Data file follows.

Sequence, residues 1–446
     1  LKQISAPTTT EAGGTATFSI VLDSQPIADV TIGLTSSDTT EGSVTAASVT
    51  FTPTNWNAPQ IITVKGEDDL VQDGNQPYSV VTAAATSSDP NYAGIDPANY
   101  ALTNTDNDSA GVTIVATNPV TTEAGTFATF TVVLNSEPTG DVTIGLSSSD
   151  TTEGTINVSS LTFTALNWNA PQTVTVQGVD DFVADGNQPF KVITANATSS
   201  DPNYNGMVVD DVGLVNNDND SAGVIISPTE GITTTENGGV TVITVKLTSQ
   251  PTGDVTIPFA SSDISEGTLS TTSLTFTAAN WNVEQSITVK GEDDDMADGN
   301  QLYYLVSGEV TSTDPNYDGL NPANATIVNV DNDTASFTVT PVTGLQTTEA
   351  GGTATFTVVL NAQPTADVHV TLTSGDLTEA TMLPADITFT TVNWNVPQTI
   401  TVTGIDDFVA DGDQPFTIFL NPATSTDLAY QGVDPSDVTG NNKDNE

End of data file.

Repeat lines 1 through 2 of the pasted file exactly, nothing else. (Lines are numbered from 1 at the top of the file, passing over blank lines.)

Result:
Sequence, residues 1–446
     1  LKQISAPTTT EAGGTATFSI VLDSQPIADV TIGLTSSDTT EGSVTAASVT